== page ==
Mahaffey's victory kept Watson from earning all four Grand Slam titles.
5. Jay Hebert (1960)
Jay Hebert had never won a major, but when the opportunity presented itself in 1960 at the Firestone Country Club in Akron, Ohio, he did not let it slip away.
Hebert got himself into trouble when he double-bogeyed the 10th hole, but he birdied two of the final four holes to win the PGA by one stroke.
With the victory, Hebert joined his brother Lionel Hebert (1957) as the only siblings to win the PGA Championship.
4. Rich Beem (2002)
Rich Beem was one of the most unlikely winners in major golf history. Just seven years before staring down Tiger Woods and winning the 2002 PGA Championship, Beem was selling stereo equipment and earning $7 per hour.
However, it all came together for him in the PGA Championship at Hazeltine. He was never better than he was in the final round when he shot a four-under 68 to take a one-shot victory over Woods.
"I'm still surprised at myself," Beem said after winning the title. "I'm elated beyond belief. I was a lot more in control of my emotions than I ever have been under that kind of pressure."
3. Al Geiberger (1966)
It was an unlikely battle with an unlikely result.
In the 1966 PGA Championship at the Firestone Country Club, a skinny California golfer named Al Geiberger found himself tied with legend Sam Snead at the end of the first round. Geiberger remained in contention after two rounds, and when he fired a 68 in the third round, he found himself with a four-stroke lead going into the final round.
Geiberger was anything but confident as he bogeyed three of the first four holes Sunday. As it looked like his chance at glory was slipping away, Geiberger pulled a peanut butter sandwich out of his golf bag, so he could steady his nerves and gain some energy. He birdied the fifth hole, and the "Peanut Butter Kid" went on to win the only major of his career.
2. Shaun Micheel (2003)
The 2003 season was one of the most unusual in PGA history.
All the majors went to surprise winners, and none was a bigger surprise than Shaun Micheel, who took the PGA Championship at Oak Hill in Rochester, N.Y.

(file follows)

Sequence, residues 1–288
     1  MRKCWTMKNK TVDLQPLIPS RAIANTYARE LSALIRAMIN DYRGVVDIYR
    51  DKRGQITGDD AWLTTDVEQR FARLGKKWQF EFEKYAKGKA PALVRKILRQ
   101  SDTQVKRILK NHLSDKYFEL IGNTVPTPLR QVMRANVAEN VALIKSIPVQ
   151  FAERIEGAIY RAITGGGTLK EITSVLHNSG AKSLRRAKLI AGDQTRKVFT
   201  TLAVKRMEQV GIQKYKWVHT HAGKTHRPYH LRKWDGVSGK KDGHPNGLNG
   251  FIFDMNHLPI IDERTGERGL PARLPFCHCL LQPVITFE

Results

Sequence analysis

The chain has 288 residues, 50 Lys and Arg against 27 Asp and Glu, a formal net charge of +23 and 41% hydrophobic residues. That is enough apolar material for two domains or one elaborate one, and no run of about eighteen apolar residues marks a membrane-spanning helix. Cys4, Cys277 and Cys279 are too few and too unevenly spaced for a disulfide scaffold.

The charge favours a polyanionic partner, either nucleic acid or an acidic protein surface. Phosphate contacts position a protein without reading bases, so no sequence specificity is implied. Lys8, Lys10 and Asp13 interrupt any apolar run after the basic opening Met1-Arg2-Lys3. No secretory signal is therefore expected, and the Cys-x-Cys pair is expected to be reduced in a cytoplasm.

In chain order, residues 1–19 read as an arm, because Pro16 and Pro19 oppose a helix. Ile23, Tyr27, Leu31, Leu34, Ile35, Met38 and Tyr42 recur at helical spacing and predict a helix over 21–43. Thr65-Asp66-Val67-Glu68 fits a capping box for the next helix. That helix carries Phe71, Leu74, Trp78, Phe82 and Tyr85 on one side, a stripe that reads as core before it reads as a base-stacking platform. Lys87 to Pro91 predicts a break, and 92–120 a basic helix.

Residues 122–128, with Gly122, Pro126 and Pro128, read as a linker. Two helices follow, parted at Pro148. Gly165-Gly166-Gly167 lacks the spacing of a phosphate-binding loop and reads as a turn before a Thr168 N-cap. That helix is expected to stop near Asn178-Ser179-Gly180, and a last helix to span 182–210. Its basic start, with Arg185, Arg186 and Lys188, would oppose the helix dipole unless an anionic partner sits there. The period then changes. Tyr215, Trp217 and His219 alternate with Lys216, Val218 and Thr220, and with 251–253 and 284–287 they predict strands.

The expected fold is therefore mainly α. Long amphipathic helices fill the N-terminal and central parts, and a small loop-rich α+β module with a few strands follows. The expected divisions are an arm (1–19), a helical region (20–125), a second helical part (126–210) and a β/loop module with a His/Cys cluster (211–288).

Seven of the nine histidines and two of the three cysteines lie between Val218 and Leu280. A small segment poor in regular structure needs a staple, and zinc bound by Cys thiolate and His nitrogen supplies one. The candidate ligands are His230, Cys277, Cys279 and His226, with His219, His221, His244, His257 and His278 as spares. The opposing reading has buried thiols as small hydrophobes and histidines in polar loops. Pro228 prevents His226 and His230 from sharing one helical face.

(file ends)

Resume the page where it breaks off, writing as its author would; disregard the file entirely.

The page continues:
Mike Weir won the Masters that year, Jim Furyk took the U.S. Open and Ben Curtis earned the British Open.
Micheel had never won in 163 previous starts on the tour, and he has not recorded another tour victory since.
However, Micheel had it together at Oak Hill, and had a one-stroke lead as he came to the 18th hole.
He clinched the victory when he struck a perfect 7-iron from the short rough about 175 yards from the flag stick. The ball came to rest just inches from the hole, and his tap-in birdie gave him a two-stroke victory and a $1.08 million payday.
1. John Daly (1991)
John Daly was the ninth alternate for the 1991 PGA Championship. However, on the day before the tournament started, Daly got a call telling him he had moved to the first alternate position.
He drove from Memphis to Indianapolis in an effort to have a chance, should he get selected to play. When he arrived in Indiana, he got the word that he was welcome to compete in the PGA Championship at Crooked Stick in Carmel, Ind.
Daly got to the course on time and played the best golf of his career. The prodigious Daly averaged 303 yards off the tee and putted sensationally. He had the lead after three rounds and eased to the win with a final round of 71.
Daly said the victory was the result of fearless play. "All four days, I didn't think," Daly said. "I just hit it."
While the majority of Daly's career has been marked by missed opportunities, his performance in the 1991 PGA is the stuff of golf legends.